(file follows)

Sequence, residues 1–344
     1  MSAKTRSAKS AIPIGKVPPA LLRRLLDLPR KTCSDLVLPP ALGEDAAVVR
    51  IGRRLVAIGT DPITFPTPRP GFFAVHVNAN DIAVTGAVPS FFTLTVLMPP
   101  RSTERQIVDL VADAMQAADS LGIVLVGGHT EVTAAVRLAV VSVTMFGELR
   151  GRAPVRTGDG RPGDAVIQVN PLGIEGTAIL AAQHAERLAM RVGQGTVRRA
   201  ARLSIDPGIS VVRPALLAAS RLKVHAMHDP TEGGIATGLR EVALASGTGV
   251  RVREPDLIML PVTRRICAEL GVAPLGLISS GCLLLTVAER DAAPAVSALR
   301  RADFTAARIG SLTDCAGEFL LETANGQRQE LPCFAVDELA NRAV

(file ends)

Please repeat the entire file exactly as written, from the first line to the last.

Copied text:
Sequence, residues 1–344
     1  MSAKTRSAKS AIPIGKVPPA LLRRLLDLPR KTCSDLVLPP ALGEDAAVVR
    51  IGRRLVAIGT DPITFPTPRP GFFAVHVNAN DIAVTGAVPS FFTLTVLMPP
   101  RSTERQIVDL VADAMQAADS LGIVLVGGHT EVTAAVRLAV VSVTMFGELR
   151  GRAPVRTGDG RPGDAVIQVN PLGIEGTAIL AAQHAERLAM RVGQGTVRRA
   201  ARLSIDPGIS VVRPALLAAS RLKVHAMHDP TEGGIATGLR EVALASGTGV
   251  RVREPDLIML PVTRRICAEL GVAPLGLISS GCLLLTVAER DAAPAVSALR
   301  RADFTAARIG SLTDCAGEFL LETANGQRQE LPCFAVDELA NRAV